Worship (‘Ibādah) Should Only be for Allah

The word ‘ibādah in the linguistic sense means submission and humility. Thus, it is commonly said, “Baīr muabbad” for a docile camel, as a mark of its humiliation, and, “Ṭarīq muabbad,” for a smooth and passable road, to indicate a well-trodden path.

In the legalistic sense, the word ‘ibādah (worship) encompasses all manifest or hidden acts and statements that Allah lovers or assents to. This will be further explained later when the different forms of worship are discussed.

Worship in Islam comprises of three basic elements: The first is complete love for Allah. The Qur’an states,

“But those who believe are stronger in love for Allah.” (Q, 2:165)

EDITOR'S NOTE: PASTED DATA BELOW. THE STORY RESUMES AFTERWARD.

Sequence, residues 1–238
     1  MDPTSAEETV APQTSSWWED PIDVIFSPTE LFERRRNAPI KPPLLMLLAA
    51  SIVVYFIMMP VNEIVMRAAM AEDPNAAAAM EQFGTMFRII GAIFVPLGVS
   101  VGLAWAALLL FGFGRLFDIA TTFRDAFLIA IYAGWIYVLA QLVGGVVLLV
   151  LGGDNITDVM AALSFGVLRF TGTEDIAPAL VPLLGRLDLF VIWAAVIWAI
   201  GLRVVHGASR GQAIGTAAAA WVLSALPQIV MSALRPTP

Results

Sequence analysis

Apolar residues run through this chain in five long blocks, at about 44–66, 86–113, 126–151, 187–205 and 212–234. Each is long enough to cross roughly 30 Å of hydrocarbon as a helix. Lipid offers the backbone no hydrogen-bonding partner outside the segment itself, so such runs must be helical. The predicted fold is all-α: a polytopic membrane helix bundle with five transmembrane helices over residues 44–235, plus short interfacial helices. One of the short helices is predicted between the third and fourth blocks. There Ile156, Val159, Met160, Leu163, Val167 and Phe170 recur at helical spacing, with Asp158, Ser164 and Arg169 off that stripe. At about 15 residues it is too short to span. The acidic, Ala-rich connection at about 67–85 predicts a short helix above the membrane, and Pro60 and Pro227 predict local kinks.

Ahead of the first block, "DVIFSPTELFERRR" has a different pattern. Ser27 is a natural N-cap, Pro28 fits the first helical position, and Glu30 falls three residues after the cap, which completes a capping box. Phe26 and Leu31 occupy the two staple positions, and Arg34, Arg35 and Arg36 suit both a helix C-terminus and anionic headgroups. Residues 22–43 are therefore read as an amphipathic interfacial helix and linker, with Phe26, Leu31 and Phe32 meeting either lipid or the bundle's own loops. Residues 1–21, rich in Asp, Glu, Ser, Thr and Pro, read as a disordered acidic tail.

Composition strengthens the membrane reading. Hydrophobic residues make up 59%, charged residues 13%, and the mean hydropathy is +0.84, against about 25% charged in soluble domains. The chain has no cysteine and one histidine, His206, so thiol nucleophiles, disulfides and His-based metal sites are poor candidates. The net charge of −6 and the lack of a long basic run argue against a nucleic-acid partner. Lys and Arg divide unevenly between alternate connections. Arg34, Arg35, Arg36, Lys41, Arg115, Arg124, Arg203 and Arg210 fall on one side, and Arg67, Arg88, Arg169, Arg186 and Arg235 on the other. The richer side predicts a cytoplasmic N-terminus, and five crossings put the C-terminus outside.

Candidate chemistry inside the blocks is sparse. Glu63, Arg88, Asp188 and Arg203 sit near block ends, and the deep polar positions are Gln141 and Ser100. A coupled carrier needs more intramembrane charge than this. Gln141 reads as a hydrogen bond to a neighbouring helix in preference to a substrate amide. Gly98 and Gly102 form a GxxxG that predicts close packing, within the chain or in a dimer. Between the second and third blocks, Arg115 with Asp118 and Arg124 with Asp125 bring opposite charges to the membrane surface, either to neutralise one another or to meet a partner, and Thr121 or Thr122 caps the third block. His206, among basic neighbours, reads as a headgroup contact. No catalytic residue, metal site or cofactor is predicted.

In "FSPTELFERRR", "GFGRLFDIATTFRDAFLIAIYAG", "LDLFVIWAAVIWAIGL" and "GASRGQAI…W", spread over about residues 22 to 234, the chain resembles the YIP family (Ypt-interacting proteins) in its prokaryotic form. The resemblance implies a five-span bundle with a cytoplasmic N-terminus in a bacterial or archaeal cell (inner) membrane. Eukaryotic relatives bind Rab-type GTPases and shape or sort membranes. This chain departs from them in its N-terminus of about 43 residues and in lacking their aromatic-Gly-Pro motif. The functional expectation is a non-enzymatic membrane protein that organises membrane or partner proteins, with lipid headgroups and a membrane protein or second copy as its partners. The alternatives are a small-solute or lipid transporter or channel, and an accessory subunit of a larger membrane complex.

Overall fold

The second is absolute hope, which is mentioned in the following verse,

“They hope for His mercy.” (Q, 17:57)

The third is total fear of His punishment, which is mentioned in the following,

   “They fear His punishment.” (Q, 17:57)

An indication to these three elements of worship, combined together, appears in the opening sūrah of the Qur’an where Allah says,

“All praise be to Allah, the Lord of all that exists. The Most Merciful, the Most Compassionate. Owner of the Day of Reckoning.” (Q, 1:2-4)

The first verse expresses love, since Allah is a Benefactor, and a benefactor is usually admired in accordance with the extent of his benefit. The second verse speaks of hope, as we know that people usually hope for the mercy of anyone described as being merciful. While the third implies fear, for there is a tendency for a person to fear the punishment of He who own reckoning and recompense.